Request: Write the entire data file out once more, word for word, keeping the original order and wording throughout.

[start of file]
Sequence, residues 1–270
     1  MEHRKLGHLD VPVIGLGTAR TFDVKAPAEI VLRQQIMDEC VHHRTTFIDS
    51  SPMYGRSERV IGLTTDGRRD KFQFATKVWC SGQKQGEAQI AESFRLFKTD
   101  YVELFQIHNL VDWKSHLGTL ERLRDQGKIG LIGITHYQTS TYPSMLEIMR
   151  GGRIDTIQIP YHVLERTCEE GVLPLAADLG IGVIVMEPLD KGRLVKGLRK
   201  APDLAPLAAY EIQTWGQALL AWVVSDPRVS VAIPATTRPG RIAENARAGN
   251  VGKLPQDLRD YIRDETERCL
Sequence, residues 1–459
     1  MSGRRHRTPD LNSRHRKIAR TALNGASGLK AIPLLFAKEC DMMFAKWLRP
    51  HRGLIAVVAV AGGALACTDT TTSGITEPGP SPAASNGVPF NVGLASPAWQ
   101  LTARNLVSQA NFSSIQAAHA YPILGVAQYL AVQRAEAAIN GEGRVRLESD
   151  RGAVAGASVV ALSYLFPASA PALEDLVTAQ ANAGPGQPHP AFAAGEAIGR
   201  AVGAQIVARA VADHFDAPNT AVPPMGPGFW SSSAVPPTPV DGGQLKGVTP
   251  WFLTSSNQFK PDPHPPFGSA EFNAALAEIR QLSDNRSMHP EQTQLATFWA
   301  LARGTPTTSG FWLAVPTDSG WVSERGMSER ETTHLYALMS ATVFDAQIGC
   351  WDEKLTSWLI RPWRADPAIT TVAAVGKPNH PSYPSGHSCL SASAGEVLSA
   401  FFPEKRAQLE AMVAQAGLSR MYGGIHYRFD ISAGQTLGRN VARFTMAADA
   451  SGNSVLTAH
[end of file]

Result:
Sequence, residues 1–270
     1  MEHRKLGHLD VPVIGLGTAR TFDVKAPAEI VLRQQIMDEC VHHRTTFIDS
    51  SPMYGRSERV IGLTTDGRRD KFQFATKVWC SGQKQGEAQI AESFRLFKTD
   101  YVELFQIHNL VDWKSHLGTL ERLRDQGKIG LIGITHYQTS TYPSMLEIMR
   151  GGRIDTIQIP YHVLERTCEE GVLPLAADLG IGVIVMEPLD KGRLVKGLRK
   201  APDLAPLAAY EIQTWGQALL AWVVSDPRVS VAIPATTRPG RIAENARAGN
   251  VGKLPQDLRD YIRDETERCL
Sequence, residues 1–459
     1  MSGRRHRTPD LNSRHRKIAR TALNGASGLK AIPLLFAKEC DMMFAKWLRP
    51  HRGLIAVVAV AGGALACTDT TTSGITEPGP SPAASNGVPF NVGLASPAWQ
   101  LTARNLVSQA NFSSIQAAHA YPILGVAQYL AVQRAEAAIN GEGRVRLESD
   151  RGAVAGASVV ALSYLFPASA PALEDLVTAQ ANAGPGQPHP AFAAGEAIGR
   201  AVGAQIVARA VADHFDAPNT AVPPMGPGFW SSSAVPPTPV DGGQLKGVTP
   251  WFLTSSNQFK PDPHPPFGSA EFNAALAEIR QLSDNRSMHP EQTQLATFWA
   301  LARGTPTTSG FWLAVPTDSG WVSERGMSER ETTHLYALMS ATVFDAQIGC
   351  WDEKLTSWLI RPWRADPAIT TVAAVGKPNH PSYPSGHSCL SASAGEVLSA
   401  FFPEKRAQLE AMVAQAGLSR MYGGIHYRFD ISAGQTLGRN VARFTMAADA
   451  SGNSVLTAH